A major new exhibition opens at the Hayward Gallery on the 23rd of October. It is a retrospective exhibition from one of the greatest British artists Bridget Riley. Spanning 70 years of her work it is the most comprehensive to date. Bridget Riley is one of the most distinguished and internationally renowned artists working today. She is now in her 80s and is still working.
For me, this is the first time I am seeing her work and it certainly excites your senses giving you another impression. Playing tricks with your mind with perspective and colour to confuse the eye. The exhibition traces the origins and evolving nature of Bridget Riley’s work. It features her iconic black and white works of the 1960s, a range of colour canvases and some rarely seen figurative works and studies.
There are 4 key wall works which reflect recent work that she has done and now interested in. With over 200 works and 50 key paintings, it is organised thematically instead of chronologically. This is Bridget’s 3rd solo exhibition at the Hayward Gallery and she has had exhibitions in 1971 and 1992.
Looking is, I feel, a vital aspect of existence. Perception constitutes our awareness of what it is to be human, indeed what it is to be alive.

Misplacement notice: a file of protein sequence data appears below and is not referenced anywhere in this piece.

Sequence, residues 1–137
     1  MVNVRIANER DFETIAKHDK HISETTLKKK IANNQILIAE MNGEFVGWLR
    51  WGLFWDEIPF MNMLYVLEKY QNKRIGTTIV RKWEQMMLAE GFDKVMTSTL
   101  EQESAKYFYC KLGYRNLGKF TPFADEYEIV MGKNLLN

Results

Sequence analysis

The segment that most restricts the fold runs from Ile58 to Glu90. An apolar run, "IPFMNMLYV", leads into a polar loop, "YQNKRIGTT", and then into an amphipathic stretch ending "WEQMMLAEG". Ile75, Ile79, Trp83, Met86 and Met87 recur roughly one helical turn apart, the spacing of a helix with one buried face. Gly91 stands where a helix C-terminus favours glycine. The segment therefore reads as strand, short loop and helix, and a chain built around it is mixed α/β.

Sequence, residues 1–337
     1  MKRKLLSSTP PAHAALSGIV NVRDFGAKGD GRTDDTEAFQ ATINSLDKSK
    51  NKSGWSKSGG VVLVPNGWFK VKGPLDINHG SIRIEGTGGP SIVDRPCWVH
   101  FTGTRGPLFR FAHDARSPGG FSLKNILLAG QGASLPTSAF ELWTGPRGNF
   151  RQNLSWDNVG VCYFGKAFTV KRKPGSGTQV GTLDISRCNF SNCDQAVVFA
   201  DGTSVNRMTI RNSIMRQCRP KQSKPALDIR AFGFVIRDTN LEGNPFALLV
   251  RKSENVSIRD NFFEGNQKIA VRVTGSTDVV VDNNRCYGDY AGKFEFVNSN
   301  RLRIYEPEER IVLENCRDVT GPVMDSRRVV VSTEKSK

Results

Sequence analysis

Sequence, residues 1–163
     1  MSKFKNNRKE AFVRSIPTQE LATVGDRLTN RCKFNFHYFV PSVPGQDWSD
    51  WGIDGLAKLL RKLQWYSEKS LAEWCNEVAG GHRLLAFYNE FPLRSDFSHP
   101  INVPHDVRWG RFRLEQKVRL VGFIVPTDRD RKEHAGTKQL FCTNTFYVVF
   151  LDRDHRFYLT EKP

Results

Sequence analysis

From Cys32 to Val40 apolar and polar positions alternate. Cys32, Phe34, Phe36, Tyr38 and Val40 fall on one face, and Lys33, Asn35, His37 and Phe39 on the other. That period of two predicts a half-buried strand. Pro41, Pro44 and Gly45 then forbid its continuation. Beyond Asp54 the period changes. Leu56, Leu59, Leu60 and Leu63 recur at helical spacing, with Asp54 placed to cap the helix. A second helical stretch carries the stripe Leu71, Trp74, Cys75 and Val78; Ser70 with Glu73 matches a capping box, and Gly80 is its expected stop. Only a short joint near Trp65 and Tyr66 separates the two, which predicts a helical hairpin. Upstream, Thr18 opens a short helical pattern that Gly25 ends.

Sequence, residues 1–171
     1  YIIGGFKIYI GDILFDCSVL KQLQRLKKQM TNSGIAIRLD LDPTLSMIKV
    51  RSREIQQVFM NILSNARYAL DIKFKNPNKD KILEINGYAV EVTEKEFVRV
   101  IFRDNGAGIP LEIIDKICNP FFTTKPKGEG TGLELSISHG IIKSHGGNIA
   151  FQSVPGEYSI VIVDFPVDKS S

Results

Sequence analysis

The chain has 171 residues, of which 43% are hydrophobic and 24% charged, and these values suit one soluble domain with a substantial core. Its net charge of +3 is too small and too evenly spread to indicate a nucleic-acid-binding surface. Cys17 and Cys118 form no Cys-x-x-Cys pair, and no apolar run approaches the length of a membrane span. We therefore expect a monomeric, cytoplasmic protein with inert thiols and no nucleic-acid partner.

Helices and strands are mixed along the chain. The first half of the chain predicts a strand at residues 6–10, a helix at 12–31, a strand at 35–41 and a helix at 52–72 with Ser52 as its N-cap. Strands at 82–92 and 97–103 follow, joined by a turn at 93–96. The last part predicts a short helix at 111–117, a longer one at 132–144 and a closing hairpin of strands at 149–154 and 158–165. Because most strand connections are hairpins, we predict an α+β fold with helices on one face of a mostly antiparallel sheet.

Who is Bridget Riley?
Born in 1931 in London, she studied art at Goldsmith College between 1949 and 1952 and later at the Royal College of Art (1952 – 55). One of her jobs after college was as an illustrator at an advertising agency. But a major impact on her career as an artist came when she saw the American artist Jackson Pollock who had an exhibition at a Whitechapel gallery in 1958.
Her early work was figurative with a semi impressionist style but this changed to her signature Op art style which she perfected whilst working at the advertising agency. It consisted of black and white geometric patterns which explored the dynamism of sight to produce a distortive effect on the eye.
In the early 1960s, she bought a derelict house in the south of France with her partner and later turned it into a studio, she said the light there was so different from London and like no other. She was influenced by the post-impressionists artists like Georges Seurat who used to live in the region using this light. Discover more about her work at the exhibition which is on till 25th January 2020.
Below are a selection of my favourite photographs that I took on the press preview, more can be seen on my Flickr link below.
If you enjoy art this is an exhibition for you, it opens on Wednesday 23rd of October and runs till the 25th January 2020. Leave a comment below on who is your favourite British artist or if you went to the exhibition, what was your favourite painting.
Hayward Gallery – https://www.southbankcentre.co.uk/venues/hayward-gallery
Instagram – http://www.instagram.com/alalchan
Flickr – https://www.flickr.com/photos/alalchan/albums/72157711459292093